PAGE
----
Source: The Toronto Star
Crime lab hit by new scandal: Forensic tests under scrutiny
Houston problems may affect 10,000
NEW YORK TIMES
NEW YORK—The police crime laboratory in Houston, already reeling from a scandal that has led to retesting of evidence in 360 cases, now faces a much larger crisis that could involve many thousands of cases over 25 years.
Six independent forensic scientists, in a report to be filed in a Houston state court today, said that a crime laboratory official — because he either lacked basic knowledge of blood typing or gave false testimony — helped convict an innocent man of rape in 1987.
The panel concluded that crime laboratory officials might have offered "similarly false and scientifically unsound" reports and testimony in other cases, and it called for a comprehensive audit spanning decades to re-examine the results of a broad array of rudimentary tests on blood, sperm and other bodily fluids.
Elizabeth Johnson, a former director of the DNA laboratory at the Harris County medical examiner's office in Houston, said the task would be daunting.
"A conservative number would probably be 5,000 to 10,000 cases," Johnson said. "If you add in hair, it's off the board."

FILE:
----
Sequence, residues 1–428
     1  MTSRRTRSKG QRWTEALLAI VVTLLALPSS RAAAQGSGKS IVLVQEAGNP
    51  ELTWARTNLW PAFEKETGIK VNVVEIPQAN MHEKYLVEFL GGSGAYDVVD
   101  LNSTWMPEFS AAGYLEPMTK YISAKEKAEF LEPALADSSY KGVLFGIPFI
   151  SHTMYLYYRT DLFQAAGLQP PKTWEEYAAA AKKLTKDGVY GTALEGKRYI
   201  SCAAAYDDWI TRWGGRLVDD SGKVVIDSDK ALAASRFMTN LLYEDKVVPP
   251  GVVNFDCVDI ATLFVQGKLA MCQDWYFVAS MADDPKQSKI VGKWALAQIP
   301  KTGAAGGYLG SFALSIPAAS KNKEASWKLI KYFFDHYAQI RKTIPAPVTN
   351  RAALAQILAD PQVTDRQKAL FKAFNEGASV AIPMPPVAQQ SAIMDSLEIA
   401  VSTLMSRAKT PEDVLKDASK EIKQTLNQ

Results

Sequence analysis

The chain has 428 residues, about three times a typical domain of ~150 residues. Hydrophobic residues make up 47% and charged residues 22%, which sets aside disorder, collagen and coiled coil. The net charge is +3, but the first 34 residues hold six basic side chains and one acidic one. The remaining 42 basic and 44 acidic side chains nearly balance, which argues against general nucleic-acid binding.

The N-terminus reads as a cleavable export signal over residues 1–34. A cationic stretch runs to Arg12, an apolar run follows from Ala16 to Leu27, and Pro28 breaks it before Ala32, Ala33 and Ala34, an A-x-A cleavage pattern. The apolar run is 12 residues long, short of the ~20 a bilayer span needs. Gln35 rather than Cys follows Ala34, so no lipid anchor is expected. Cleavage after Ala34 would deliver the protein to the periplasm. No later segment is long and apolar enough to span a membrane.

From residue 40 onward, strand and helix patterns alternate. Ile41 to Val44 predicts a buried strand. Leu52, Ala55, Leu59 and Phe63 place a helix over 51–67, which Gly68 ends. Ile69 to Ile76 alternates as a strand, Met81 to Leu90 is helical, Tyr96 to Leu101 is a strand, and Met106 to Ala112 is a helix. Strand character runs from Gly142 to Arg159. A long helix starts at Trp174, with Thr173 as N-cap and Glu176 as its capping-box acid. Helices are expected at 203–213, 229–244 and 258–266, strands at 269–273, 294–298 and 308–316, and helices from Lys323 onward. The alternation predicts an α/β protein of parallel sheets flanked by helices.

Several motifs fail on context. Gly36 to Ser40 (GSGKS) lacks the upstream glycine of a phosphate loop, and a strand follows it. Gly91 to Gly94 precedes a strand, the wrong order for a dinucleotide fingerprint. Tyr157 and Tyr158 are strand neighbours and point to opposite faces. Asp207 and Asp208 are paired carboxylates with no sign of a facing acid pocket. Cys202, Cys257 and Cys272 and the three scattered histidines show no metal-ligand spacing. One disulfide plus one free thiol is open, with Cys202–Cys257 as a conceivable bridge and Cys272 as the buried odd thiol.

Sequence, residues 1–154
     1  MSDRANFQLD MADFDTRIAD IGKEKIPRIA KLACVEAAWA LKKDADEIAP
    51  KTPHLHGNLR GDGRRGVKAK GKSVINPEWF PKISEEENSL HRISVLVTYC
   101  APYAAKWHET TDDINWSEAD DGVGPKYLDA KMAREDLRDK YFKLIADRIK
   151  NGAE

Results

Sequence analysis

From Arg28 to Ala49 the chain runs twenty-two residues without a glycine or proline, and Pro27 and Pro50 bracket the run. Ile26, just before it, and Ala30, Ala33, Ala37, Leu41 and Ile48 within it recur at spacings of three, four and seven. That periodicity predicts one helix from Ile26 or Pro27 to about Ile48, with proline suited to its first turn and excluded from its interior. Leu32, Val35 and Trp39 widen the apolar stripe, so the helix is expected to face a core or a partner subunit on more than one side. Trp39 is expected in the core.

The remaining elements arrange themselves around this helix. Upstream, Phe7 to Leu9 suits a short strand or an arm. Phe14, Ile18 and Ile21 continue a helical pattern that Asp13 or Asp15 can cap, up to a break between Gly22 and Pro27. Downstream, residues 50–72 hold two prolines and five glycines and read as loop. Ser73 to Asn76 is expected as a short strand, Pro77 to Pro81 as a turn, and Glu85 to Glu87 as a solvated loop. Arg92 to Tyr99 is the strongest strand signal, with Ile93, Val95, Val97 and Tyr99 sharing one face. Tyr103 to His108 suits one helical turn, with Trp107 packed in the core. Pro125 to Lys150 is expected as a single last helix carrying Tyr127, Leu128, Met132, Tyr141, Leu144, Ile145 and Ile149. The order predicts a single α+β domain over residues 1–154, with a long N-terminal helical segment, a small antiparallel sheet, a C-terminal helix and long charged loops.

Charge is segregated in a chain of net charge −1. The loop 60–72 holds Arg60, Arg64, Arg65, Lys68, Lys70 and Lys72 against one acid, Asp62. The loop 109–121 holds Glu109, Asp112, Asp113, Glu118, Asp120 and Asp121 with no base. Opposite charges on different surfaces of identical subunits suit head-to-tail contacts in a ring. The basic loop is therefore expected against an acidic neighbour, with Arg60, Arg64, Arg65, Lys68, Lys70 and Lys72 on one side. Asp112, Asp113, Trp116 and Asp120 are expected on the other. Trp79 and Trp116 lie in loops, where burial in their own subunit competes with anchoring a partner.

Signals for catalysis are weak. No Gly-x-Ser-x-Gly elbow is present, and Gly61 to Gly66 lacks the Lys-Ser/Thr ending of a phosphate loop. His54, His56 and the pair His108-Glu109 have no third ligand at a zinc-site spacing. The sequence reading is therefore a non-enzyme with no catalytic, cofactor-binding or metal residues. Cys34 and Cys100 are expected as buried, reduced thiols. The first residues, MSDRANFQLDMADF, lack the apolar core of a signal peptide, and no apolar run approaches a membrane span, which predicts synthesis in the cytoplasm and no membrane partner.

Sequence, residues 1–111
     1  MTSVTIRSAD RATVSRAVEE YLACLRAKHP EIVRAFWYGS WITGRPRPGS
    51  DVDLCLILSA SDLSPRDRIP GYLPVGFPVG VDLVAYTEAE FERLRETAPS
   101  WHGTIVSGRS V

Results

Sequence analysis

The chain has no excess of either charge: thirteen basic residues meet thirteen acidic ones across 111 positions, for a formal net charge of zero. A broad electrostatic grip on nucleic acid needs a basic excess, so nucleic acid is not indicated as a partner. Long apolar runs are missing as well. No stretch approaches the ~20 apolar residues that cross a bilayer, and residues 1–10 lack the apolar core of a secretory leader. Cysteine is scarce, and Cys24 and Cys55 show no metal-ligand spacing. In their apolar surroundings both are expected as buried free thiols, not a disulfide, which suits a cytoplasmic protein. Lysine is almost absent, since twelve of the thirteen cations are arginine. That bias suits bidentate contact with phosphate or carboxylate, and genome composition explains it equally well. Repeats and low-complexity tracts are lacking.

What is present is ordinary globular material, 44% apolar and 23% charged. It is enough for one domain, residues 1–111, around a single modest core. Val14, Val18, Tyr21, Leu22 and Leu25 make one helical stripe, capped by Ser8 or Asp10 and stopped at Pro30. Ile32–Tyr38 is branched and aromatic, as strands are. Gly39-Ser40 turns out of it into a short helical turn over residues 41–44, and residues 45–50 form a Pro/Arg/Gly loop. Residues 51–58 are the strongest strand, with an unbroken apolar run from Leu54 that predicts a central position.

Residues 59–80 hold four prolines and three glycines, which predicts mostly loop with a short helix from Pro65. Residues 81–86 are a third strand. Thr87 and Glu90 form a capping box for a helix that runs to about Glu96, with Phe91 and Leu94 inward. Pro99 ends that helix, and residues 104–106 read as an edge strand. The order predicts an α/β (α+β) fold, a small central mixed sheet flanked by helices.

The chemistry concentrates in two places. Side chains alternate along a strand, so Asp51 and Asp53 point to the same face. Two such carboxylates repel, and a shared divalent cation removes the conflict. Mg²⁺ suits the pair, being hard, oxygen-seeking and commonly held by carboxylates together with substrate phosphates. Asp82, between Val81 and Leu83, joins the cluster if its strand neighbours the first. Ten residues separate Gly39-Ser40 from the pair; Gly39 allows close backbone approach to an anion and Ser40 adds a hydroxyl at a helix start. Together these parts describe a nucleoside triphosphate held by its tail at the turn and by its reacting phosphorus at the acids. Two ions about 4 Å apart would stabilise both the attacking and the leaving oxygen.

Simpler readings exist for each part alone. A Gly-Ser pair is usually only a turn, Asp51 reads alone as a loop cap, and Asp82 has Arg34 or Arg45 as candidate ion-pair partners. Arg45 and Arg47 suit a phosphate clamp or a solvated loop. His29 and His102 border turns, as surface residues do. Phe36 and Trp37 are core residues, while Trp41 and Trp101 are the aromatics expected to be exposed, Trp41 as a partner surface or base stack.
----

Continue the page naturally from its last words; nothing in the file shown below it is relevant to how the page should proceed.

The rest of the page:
The official whose testimony was challenged, James Bolding, said in a telephone interview that he did not recall the particular case. But Bolding said that both his scientific work and his testimony were always careful and professional. When he testified in 1987, he was the supervisor of the laboratory's serology unit. He later became the chief of its DNA unit.
His testimony helped convict George Rodriguez, who has served 17 years for raping a 14-year-old girl in 1987. DNA results have now cleared him, according to court-ordered testing, and the papers to be filed today will seek his release. As in many of the 146 DNA exonerations across the country, the new information also calls into question the scientific evidence used to convict Rodriguez in the first place.
A re-examination of the Houston crime lab work that's already under way has produced a staggering workload.